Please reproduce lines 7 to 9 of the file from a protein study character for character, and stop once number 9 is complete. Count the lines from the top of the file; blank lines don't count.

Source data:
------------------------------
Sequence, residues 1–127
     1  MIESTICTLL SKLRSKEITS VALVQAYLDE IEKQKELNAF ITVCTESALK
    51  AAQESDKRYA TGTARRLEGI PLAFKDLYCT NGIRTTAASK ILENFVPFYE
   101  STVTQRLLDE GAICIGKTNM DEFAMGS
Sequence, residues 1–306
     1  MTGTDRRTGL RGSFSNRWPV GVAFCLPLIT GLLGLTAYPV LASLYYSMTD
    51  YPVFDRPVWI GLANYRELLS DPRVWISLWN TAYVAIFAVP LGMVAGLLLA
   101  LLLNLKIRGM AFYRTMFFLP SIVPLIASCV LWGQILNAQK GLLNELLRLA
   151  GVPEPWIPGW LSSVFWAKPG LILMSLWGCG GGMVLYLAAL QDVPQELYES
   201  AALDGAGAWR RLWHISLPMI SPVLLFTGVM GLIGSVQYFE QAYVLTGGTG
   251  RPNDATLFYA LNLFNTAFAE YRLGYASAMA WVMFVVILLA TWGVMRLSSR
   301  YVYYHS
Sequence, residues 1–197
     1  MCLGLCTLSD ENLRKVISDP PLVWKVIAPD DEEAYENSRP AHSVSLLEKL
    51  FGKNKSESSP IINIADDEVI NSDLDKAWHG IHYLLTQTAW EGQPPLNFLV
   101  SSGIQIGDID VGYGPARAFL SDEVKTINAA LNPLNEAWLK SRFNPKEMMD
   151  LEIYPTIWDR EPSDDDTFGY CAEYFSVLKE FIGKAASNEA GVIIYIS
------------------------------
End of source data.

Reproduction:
    51  YPVFDRPVWI GLANYRELLS DPRVWISLWN TAYVAIFAVP LGMVAGLLLA
   101  LLLNLKIRGM AFYRTMFFLP SIVPLIASCV LWGQILNAQK GLLNELLRLA
   151  GVPEPWIPGW LSSVFWAKPG LILMSLWGCG GGMVLYLAAL QDVPQELYES